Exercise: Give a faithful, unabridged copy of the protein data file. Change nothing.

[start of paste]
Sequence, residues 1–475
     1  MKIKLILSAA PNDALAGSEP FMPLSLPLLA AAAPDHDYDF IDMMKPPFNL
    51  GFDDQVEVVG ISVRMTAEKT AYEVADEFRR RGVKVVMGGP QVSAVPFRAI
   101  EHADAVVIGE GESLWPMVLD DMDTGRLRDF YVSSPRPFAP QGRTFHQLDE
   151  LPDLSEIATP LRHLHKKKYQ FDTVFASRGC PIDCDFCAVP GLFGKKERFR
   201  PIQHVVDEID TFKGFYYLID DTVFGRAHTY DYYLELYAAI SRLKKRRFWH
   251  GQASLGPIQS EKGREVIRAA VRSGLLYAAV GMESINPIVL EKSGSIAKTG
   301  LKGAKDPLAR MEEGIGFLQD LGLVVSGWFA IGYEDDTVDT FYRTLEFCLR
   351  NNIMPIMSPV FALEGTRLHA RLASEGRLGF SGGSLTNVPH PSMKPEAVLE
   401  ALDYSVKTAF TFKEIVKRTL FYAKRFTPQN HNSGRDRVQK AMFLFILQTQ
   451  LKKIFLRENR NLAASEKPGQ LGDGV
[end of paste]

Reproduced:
Sequence, residues 1–475
     1  MKIKLILSAA PNDALAGSEP FMPLSLPLLA AAAPDHDYDF IDMMKPPFNL
    51  GFDDQVEVVG ISVRMTAEKT AYEVADEFRR RGVKVVMGGP QVSAVPFRAI
   101  EHADAVVIGE GESLWPMVLD DMDTGRLRDF YVSSPRPFAP QGRTFHQLDE
   151  LPDLSEIATP LRHLHKKKYQ FDTVFASRGC PIDCDFCAVP GLFGKKERFR
   201  PIQHVVDEID TFKGFYYLID DTVFGRAHTY DYYLELYAAI SRLKKRRFWH
   251  GQASLGPIQS EKGREVIRAA VRSGLLYAAV GMESINPIVL EKSGSIAKTG
   301  LKGAKDPLAR MEEGIGFLQD LGLVVSGWFA IGYEDDTVDT FYRTLEFCLR
   351  NNIMPIMSPV FALEGTRLHA RLASEGRLGF SGGSLTNVPH PSMKPEAVLE
   401  ALDYSVKTAF TFKEIVKRTL FYAKRFTPQN HNSGRDRVQK AMFLFILQTQ
   451  LKKIFLRENR NLAASEKPGQ LGDGV